Lamont, Corliss, Freedom is as freedom does

(New York :  Horizon Press,  1956.)



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  Page 151  

POLICE STATE  IN THE MAKING                                                                                         151

tion for perjury on the basis of what she had said about the FCC
lawyer, Mr. Powell. She received a jail sentence of from eight
months to two years. Mr. Lamb, after two years of effort, has not
yet secured his television license.

In May 1955 another FBI informer, David Brown, surprise wit¬
ness before the Subversive Activities Control Board for the Civil
Rights Congress, admitted that he had continually lied in his re¬
ports to the FBI about the Congress. He frankly stated that he
had restorted to fabrications so that he could go on drawing pay,
ranging from $25 a week to $250 a month, as an informer.

Brown related how, as an FBI agent, he had contiived to be¬
come an officer of the Congress in Los Angeles. He confessed that
"he had made so many reports to the FBI that were without
foundation that he could not recafl having made one that had a
foundation in fact"; ^^^ and that he had frequently submitted flc-
titious lists of individuals who had attended Communist meetings.
He said he had "betrayed the working people generally; all of the
American people, including my friends, my co-workers, my family
—everybody who ever trusted me and had confidence in me." ^^^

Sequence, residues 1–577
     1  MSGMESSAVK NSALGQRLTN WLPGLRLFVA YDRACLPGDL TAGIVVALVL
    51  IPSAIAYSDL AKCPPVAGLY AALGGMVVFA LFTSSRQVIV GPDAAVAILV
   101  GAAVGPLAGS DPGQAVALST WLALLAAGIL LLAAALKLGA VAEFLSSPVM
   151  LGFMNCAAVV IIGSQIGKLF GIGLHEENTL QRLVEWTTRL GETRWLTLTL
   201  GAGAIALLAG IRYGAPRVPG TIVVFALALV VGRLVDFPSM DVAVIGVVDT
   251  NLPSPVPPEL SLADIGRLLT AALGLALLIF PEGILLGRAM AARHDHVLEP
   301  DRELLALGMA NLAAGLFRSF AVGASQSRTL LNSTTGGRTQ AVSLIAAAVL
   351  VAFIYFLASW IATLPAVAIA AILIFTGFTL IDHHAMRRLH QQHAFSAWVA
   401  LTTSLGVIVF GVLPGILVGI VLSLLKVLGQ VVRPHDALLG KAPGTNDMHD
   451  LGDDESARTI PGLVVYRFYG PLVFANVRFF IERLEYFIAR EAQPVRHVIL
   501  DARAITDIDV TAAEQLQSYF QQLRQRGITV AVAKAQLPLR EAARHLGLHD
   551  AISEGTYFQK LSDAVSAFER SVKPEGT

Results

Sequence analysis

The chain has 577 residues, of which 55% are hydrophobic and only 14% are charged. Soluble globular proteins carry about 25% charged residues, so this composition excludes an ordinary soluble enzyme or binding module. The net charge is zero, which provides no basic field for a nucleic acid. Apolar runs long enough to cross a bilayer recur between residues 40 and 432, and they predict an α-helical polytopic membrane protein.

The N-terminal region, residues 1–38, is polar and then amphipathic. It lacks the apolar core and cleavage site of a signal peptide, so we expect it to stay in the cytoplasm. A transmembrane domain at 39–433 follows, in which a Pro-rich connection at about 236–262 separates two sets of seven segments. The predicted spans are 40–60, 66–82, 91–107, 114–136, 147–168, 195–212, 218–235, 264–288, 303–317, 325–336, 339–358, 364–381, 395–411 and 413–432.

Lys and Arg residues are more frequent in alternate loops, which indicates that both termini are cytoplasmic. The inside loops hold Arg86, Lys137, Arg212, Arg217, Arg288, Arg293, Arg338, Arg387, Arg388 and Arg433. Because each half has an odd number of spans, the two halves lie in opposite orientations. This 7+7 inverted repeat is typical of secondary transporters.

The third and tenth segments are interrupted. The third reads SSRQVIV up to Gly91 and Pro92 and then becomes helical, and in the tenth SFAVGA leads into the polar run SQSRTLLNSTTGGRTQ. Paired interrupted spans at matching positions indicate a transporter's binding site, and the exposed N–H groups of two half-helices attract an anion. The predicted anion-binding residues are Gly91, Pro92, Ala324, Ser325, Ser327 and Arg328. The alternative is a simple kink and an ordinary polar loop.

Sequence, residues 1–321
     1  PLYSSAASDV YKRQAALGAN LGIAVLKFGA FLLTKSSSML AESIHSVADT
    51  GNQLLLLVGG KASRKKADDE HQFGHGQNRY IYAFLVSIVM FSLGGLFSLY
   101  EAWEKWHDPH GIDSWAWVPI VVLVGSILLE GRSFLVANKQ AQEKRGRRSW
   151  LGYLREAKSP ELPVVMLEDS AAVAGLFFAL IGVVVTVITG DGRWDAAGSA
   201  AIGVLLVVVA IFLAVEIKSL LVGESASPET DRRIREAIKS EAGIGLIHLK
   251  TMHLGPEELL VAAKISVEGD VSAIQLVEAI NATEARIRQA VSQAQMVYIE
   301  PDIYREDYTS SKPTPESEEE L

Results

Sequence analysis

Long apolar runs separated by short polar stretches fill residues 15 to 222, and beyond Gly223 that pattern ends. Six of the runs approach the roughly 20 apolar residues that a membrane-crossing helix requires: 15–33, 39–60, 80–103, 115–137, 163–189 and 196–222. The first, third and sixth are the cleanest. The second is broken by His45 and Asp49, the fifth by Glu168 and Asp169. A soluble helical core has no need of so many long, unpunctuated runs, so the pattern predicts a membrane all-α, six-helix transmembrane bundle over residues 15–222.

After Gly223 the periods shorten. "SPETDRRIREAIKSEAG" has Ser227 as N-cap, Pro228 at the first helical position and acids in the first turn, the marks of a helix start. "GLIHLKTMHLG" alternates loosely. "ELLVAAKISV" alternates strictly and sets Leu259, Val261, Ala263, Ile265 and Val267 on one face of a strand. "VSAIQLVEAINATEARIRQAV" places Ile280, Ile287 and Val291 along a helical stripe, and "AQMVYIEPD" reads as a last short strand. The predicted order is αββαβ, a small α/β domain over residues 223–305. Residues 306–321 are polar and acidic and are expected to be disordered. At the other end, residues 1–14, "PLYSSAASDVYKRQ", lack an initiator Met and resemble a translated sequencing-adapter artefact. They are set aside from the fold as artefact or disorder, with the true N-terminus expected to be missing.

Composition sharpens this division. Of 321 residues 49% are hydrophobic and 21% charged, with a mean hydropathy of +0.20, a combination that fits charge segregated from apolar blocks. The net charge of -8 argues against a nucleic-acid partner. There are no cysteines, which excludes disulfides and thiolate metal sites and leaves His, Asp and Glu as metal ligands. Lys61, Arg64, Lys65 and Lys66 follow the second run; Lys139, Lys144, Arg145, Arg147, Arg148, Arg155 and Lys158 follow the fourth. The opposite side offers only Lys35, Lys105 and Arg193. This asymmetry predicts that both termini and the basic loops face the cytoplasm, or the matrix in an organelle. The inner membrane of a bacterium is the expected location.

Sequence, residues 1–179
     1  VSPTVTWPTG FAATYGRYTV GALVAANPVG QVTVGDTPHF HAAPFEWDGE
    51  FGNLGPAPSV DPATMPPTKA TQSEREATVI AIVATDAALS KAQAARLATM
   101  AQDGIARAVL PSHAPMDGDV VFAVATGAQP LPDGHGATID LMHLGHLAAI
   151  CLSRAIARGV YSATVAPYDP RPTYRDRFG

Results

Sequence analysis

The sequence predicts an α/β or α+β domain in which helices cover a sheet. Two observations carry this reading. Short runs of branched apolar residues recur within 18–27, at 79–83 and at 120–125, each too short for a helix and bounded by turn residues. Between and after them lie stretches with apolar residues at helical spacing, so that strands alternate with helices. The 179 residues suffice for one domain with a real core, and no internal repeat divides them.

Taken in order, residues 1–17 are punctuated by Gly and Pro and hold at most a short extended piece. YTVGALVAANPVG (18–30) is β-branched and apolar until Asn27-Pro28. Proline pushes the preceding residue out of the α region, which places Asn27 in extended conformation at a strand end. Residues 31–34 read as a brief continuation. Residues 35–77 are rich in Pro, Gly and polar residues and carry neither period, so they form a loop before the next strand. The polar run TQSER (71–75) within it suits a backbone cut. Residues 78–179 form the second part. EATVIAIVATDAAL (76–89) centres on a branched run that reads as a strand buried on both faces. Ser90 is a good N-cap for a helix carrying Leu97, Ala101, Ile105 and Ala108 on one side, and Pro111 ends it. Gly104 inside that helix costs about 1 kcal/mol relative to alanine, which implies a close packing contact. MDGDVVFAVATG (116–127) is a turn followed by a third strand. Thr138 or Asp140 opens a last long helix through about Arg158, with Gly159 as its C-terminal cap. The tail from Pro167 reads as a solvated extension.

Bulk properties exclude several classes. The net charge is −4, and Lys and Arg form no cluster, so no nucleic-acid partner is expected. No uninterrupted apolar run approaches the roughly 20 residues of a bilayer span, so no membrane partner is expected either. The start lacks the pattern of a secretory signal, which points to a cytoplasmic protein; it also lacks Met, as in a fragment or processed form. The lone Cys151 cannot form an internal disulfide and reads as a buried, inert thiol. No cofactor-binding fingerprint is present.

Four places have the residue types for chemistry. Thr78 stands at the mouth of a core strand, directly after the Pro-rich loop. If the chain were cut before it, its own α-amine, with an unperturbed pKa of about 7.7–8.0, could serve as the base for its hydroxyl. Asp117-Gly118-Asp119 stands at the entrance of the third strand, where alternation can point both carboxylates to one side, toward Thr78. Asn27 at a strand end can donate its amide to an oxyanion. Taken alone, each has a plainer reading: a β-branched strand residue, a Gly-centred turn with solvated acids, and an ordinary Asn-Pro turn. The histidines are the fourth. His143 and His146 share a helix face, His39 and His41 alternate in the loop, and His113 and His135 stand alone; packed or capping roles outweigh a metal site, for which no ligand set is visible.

Some months earlier Brown had temporarily cracked up be¬
cause of his emotional disturbance over the "dirty business," as
he described it, in which he was engaged. He told the SACB of
his sudden "disappearance" from Los Angeles, "of having mailed
an envelope containing a favorite, conspicuous necktie, identifica¬
tion cards and other personal effects to indicate that he had been
kidnapped and perhaps killed, and of an abortive suicide attempt
in which he slashed himself sixteen times with a razor," ^*^

These critical developments among the Government's stable of
paid, professional informers have raised serious doubts as to the
reliability of the main anti-Communist witnesses in trials, grand
jury hearings and Congressional investigations. Many of these
informers have made a mint of money by publishing books of con¬
fessions, writing newspaper articles and appearing on radio or
television. And in general their distortions and exaggerations have
played a leading role in instflhng in the American mind its patho¬
logical fear of communism.
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